Over the years, I've met several mothers who refused to take their children to the library because they had problems with the fines. These same moms were trying -- and failing -- to get their kids excited about books.
I don't get it. Maybe because I met my husband in a used bookstore and was tromping around the library's annual book sale when I was in labor with my second.
My four children all love books. I love books. Between the five of us, we've usually got more than a hundred books checked out at any one time. (I'd love to know how many books we borrow over the course of a year. It's definitely more than a thousand.) And we manage to keep our fines and lost book fees down to almost nothing.
When I only had two kids, I would go through the entire house and search every drawer and closet and shelf to find every last book before it was due. I was terrified of library fines. These days, I have more kids and less energy and I just do my best. We lose a book or two a year and occasionally something is overdue. But my kids have all the reading material they could possibly want and I think that's a fair trade.
Here are my tips for keeping our library fines under control --
Know your library's policies on overdue fines and lost books.
Our library is fairly easy to work with. As long as you pay overdue fines and the fees for lost books, they're happy. But cards are frozen if the rack up more than five dollars in fines (which can keep you from renewing other books, which leads to more fines) and accounts are automatically turned over to collections if there is more than forty dollars due. That could be one or two lost books, so I keep a close eye on our card balances and pay any fines immediately.
Keep track of what you have checked out and when it's due.
The library gives us printed receipts each time we check out books. Five people, five receipts. Sometimes a book that was reserved from a different library has an unexpected due date. Some books get renewed and others get returned before they're due. I don't even try to keep track of those little paper receipts. Once a week, the day before our regularly scheduled library run, I log onto the library's website and pull up a list of every book we have checked out and sort by due date. Anything coming due before the next week gets returned or renewed. I try to return most books a week before the due date to give us a buffer in case we miss a week because someone is sick or the weather is bad.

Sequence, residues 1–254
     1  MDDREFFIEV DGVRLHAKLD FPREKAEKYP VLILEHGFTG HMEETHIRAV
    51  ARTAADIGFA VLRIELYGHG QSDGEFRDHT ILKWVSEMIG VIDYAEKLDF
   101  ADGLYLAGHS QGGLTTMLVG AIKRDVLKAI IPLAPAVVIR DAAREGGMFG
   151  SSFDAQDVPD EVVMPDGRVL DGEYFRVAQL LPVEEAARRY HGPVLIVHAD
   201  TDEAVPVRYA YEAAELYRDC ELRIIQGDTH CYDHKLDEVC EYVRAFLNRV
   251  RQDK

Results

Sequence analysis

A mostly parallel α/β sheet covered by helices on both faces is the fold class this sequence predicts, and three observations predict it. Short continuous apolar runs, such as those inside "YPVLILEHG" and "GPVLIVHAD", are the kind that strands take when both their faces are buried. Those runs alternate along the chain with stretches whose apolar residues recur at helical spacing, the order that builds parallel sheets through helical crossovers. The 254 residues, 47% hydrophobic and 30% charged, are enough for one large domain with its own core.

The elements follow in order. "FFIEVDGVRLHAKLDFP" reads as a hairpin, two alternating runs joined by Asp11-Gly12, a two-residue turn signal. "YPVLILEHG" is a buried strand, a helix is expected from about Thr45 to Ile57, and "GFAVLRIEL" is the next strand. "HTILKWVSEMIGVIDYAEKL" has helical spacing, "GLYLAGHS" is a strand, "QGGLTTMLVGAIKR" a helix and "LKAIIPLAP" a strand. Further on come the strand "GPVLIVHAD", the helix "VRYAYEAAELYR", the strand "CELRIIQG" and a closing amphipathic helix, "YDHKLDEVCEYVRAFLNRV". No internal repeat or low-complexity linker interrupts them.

Know how many times you can renew each item, and for how long.
Our library allows for three renewals, but my younger kids don't know that. I allow them to renew books twice. That third time is a safety cushion for me if a book goes missing.
Keep an eye on which books you return.
A handful of times a year, the library fails to check in one of our books properly. Once, a book that I'd been searching for for months completely vanished from our library records, along with the associated fines, the day I went in to pay for it. I never did get an explanation for that one. It's easier to deal with when I've been watching titles as I slip them into the book drop and I know for a fact that a book was returned. (My kids realize by now that the library isn't perfect, and they've been known to blame the library for books they can't find at home.) If you're sure you've returned a book, ask for a shelf check -- or check the shelf yourself. If you're not sure, check under your couch and the seats of your car. It's embarrassing to return a book after you've already insisted that you don't have it.
Try to prevent fines before they happen.
With our library system, once a fine shows up in the computer system, there's no changing it. A friend who uses a different library has been able to work off fines by volunteering, but ours are set in stone. When a book (or bag of books) has been temporarily lost and I've explained the situation, the librarian has been willing to override the system and give us an extra renewal. They can't do it for new books with holds on them, but in that kind of situation I'm happy for any break I can get. They've also been willing to extend renewals when an emergency kept us from getting to the library. As long as I ask before the books are overdue, I can usually get help, but I only ask for that help as a last resort.